Negotiations underway to turn former Chapters on Rideau St. into an events venue

Former Chapters location on Rideau
The National Capital Commission has purchased the building formerly occupied by Chapters bookstore at 47 Rideau St.

An organization in the “hospitality and entertainment industry” is eyeing a proposal to convert the former Chapters building on Rideau Street into an events venue, the federal Crown corporation that owns the site said Thursday.

National Capital Commission CEO Tobi Nussbaum said the NCC, which recently acquired the two-storey building at 47-57 Rideau St., is still negotiating the lease that would see a new tenant take over the vacant 60,000-square-foot space.

“There is still more work to be done,” Nussbaum told reporters after the NCC’s board of directors meeting. “We’re encouraged with the discussions we’ve had with them thus far.”

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The NCC confirmed earlier this month it had acquired the building, which was previously leased to the Chapters bookstore chain. In an email to OBJ, an NCC spokesperson called it a “landmark property” with “potential to bring new life to this area of the downtown core.”

Chapters occupied the building from 1996 until 2022, when parent company Indigo Books & Music moved the store to a smaller location across the street at the Rideau Centre.

According to CBRE, which brokered the deal, the building’s previous owner was a Quebec-based entity that’s connected to an “international” company. The two-storey structure, which includes about 42,000 square feet of space above ground and 19,000 square feet below grade, was put on the market last April.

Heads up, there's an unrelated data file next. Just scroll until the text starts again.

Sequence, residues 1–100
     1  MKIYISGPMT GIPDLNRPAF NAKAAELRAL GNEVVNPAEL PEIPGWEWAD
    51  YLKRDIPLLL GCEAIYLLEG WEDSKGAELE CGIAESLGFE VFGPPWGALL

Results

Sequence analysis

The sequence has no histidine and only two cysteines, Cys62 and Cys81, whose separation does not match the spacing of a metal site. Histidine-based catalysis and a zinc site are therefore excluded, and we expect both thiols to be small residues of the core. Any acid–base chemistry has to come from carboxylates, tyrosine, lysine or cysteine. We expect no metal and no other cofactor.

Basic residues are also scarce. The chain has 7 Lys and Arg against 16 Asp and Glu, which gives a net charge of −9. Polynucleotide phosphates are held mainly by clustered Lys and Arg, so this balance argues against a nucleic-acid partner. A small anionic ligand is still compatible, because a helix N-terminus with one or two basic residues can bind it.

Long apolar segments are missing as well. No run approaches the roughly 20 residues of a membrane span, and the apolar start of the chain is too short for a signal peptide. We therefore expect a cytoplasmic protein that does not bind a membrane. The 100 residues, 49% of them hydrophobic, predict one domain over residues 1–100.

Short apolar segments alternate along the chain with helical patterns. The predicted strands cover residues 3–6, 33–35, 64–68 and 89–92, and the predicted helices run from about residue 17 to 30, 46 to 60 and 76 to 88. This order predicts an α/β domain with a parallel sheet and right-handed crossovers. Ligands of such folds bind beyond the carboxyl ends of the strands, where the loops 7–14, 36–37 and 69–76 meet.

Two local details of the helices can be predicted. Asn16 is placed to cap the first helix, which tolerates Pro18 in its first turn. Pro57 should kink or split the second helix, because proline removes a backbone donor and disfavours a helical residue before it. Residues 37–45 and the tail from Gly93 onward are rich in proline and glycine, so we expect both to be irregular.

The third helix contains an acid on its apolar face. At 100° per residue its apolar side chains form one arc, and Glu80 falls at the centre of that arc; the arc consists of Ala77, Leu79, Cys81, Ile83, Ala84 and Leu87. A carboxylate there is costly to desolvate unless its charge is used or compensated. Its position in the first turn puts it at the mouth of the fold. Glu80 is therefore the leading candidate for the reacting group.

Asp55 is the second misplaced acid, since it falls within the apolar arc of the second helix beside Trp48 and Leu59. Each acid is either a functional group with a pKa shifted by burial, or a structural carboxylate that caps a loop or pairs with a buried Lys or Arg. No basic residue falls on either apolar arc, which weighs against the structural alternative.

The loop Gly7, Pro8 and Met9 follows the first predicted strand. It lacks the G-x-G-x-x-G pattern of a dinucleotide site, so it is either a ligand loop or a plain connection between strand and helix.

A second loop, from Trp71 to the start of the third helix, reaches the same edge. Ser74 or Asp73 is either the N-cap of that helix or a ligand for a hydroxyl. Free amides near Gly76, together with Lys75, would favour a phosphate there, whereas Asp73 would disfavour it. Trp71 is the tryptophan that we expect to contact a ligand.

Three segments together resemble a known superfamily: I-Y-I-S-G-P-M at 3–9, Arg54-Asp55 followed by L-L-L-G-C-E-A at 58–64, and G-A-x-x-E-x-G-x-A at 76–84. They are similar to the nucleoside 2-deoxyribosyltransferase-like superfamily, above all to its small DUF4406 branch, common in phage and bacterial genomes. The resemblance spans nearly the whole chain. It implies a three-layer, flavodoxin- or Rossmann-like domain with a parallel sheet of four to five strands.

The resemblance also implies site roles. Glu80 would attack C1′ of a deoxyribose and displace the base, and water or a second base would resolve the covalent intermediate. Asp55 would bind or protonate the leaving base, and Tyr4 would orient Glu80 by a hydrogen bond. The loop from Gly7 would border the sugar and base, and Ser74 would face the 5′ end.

Business leaders view the Rideau Street corridor as an important element of a broader campaign to revitalize the city’s core after downtown office towers hollowed out amid the shift to hybrid work during the pandemic.

Earlier this month, a task force consisting of developers, real estate executives, BIA heads and other community leaders issued a report urging governments and the private sector to work together to find new uses for aging downtown buildings such as L’Esplanade Laurier, the Jackson Building and the current main branch of the Ottawa Public Library.

As the city looks to create more “15-minute neighbourhoods,” where people can live within walking distance of transit and amenities such as shopping and restaurants, some observers say properties like the former Chapters building could be part of the solution.

Michael Church, the managing director of Avison Young’s Ottawa office, told OBJ last year the former Chapters space could be a “prime” site for a future highrise multi-residential project.

“There’s got to be an opportunity there,” Church said in an interview last June. “I would have to think that the buyer of that is going to be a build-to-suit apartment or condo user in the future.”

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